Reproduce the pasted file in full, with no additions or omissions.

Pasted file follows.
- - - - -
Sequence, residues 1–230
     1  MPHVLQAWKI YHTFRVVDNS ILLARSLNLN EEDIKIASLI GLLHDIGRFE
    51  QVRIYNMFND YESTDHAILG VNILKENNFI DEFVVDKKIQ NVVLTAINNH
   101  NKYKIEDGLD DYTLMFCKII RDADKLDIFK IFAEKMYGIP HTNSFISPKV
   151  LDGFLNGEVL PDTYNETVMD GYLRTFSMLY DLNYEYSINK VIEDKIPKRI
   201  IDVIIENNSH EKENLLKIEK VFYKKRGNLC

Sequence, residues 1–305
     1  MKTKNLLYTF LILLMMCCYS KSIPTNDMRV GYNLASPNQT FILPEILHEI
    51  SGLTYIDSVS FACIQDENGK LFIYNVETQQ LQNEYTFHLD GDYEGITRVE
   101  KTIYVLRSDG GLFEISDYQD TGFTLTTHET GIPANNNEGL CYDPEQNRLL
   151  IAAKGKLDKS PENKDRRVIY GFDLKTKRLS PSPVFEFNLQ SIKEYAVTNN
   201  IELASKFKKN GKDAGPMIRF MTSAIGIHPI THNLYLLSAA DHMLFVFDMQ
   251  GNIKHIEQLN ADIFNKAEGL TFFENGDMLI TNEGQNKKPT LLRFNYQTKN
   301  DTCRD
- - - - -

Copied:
Sequence, residues 1–230
     1  MPHVLQAWKI YHTFRVVDNS ILLARSLNLN EEDIKIASLI GLLHDIGRFE
    51  QVRIYNMFND YESTDHAILG VNILKENNFI DEFVVDKKIQ NVVLTAINNH
   101  NKYKIEDGLD DYTLMFCKII RDADKLDIFK IFAEKMYGIP HTNSFISPKV
   151  LDGFLNGEVL PDTYNETVMD GYLRTFSMLY DLNYEYSINK VIEDKIPKRI
   201  IDVIIENNSH EKENLLKIEK VFYKKRGNLC

Sequence, residues 1–305
     1  MKTKNLLYTF LILLMMCCYS KSIPTNDMRV GYNLASPNQT FILPEILHEI
    51  SGLTYIDSVS FACIQDENGK LFIYNVETQQ LQNEYTFHLD GDYEGITRVE
   101  KTIYVLRSDG GLFEISDYQD TGFTLTTHET GIPANNNEGL CYDPEQNRLL
   151  IAAKGKLDKS PENKDRRVIY GFDLKTKRLS PSPVFEFNLQ SIKEYAVTNN
   201  IELASKFKKN GKDAGPMIRF MTSAIGIHPI THNLYLLSAA DHMLFVFDMQ
   251  GNIKHIEQLN ADIFNKAEGL TFFENGDMLI TNEGQNKKPT LLRFNYQTKN
   301  DTCRD